Smartpedia: A patch is an update to a piece of software that closes security gaps and should therefore ideally be put into operation quickly by users.
Patch – closing a security hole in a software
A security vulnerability is a software error that allows hackers or malicious programs to penetrate a computer system. A patch closes such a security hole, fixes software errors and thus prevents hackers or malicious programs from succeeding.
In most cases, patches are created by the original software vendors. In some cases, they not only close security gaps through the updates, but also extend existing versions. Either way, patches should ideally go live quickly.
Patch – a frequently used term in software development
There are several terms that are used repeatedly – sometimes with overlap – in the context of software development:
- A bug fix is the result of a manufacturer’s error correction, bugfixing is the activity of fixing errors.
- A hotfix is the result of a manufacturer’s short-term bug fixing, hotfixing is the activity of fixing bugs as quickly as possible.
So the difference between bugfix and hotfix is the urgency of bug fixing. Consequently, the provision of bug fixes to users usually varies as well: a bug fix is usually integrated into a software during release planning and made available as a regular update. A hotfix, on the other hand, is delivered to the customer as quickly as possible, since the problems associated with the bug cannot be delayed.
The situation is similar with a patch: a security vulnerability in a software can have fatal consequences for users and, as a consequence, also for the software manufacturer. Any delay in remediation endangers the computer system and makes end devices vulnerable to attack. Great haste is required here, and that too regardless of whether the “general public” knows about the security gap or not. Criminal organisations that want to make security vulnerabilities their own do not normally find out about them from newspapers. They try to find them themselves in order to capitalise on them, for example by stealing data or installing encryption Trojans.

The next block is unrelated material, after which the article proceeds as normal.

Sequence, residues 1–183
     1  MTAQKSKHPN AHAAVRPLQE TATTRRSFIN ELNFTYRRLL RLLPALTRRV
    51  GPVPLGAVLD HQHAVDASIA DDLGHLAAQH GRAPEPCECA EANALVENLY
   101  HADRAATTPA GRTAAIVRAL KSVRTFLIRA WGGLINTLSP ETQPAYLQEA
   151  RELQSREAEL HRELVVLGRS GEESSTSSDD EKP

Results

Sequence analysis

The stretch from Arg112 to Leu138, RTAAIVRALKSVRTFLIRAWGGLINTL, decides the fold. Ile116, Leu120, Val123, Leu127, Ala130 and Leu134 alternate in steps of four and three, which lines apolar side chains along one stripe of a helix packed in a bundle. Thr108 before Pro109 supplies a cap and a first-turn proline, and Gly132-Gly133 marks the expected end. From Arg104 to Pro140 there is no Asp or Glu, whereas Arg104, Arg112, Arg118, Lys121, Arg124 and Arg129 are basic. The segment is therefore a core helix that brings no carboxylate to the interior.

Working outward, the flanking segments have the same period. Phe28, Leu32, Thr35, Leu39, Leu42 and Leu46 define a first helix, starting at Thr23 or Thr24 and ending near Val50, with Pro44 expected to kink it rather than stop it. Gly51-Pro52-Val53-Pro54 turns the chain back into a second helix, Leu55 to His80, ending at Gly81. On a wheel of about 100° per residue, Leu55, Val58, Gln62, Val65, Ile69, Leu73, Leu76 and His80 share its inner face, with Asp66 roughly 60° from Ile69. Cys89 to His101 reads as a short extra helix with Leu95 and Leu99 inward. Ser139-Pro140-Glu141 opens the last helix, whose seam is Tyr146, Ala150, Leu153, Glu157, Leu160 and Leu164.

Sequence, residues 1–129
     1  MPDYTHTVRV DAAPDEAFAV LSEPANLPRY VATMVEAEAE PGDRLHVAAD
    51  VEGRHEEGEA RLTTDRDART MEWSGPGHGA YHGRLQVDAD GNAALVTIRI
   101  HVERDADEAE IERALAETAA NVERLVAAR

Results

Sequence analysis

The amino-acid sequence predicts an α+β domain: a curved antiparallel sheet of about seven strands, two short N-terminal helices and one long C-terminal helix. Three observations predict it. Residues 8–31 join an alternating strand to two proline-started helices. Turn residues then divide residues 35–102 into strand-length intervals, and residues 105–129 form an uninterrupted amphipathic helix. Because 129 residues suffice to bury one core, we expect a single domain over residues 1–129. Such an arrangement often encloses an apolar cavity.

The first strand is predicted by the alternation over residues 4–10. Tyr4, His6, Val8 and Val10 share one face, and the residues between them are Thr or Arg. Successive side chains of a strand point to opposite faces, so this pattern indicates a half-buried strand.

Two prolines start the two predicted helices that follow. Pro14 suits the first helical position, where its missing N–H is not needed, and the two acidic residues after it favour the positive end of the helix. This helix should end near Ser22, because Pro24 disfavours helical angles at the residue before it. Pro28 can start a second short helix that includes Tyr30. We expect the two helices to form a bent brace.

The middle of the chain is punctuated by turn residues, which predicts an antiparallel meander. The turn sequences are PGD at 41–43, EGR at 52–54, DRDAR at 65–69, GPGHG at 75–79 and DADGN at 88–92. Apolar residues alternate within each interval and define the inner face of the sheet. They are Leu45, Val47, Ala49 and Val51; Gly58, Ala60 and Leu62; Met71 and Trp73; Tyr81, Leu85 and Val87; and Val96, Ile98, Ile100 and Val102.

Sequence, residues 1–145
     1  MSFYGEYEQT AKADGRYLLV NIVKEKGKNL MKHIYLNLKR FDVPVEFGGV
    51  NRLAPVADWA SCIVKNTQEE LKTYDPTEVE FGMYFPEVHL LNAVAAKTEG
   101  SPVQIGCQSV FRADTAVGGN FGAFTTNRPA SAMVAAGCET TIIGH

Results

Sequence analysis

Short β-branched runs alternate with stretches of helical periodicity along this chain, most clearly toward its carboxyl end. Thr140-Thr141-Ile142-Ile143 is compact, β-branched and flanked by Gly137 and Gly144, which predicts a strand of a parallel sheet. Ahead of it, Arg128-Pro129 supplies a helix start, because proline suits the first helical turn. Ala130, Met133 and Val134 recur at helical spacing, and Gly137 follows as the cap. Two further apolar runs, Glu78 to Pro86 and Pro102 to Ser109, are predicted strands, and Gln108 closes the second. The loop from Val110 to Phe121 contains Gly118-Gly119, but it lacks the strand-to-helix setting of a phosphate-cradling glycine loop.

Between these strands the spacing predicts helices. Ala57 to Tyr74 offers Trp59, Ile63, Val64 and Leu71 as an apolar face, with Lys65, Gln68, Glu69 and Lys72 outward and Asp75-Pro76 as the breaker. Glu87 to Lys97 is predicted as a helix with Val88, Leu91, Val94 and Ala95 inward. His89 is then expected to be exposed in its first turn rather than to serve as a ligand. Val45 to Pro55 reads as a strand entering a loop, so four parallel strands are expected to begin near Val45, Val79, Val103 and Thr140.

Other terms are
- day one patches,
- patch days and
- patch management.
Day one patches are fixes made on the first day after an update is made available. Such improvements can often be observed in global companies that roll out updates automatically to smartphones, tablet PCs or PCs, for example. Here, various experts recommend waiting a few days before installing updates so as not to discover all the errors of a new version yourself, but to benefit from the findings of other users and subsequently from the manufacturers’ improvements. Even though in most cases the content is rather short-term bugfixes or hotfixes, the term patch is relatively common in such a use case.
Patch days are fixed days on which a company provides updates for many / most / all of their products. The term was made famous by Microsoft, which began offering all updates for download on one day – usually the second Tuesday of a month – in October 2003. The goal was to facilitate the work of administrators and the planning of efforts to deploy updates, because it allowed administrators to reserve the day for patch management.
Patch management tasks
Patch management is about managing activities on the part of the patch recipient. For example, it involves
- the identification and procurement of updates,
- checking for compatibility with other applications,
- testing of functionality,
- and the subsequent distribution in the network or on the corresponding end devices of the users.
Obviously, the effort required for these activities increases with the size of the recipient organization or the number of users. Here, it is necessary to find a reasonable measure of speed of commissioning with respect to the mentioned activities. Interestingly, the professional handling of security vulnerabilities is rarely considered an aspect of risk management.
The term patch also exists in other areas. In medicine, for example, it stands for the transplantation of skin tissue to other parts of the body, in tailoring, it is an applied stitch up, etc.
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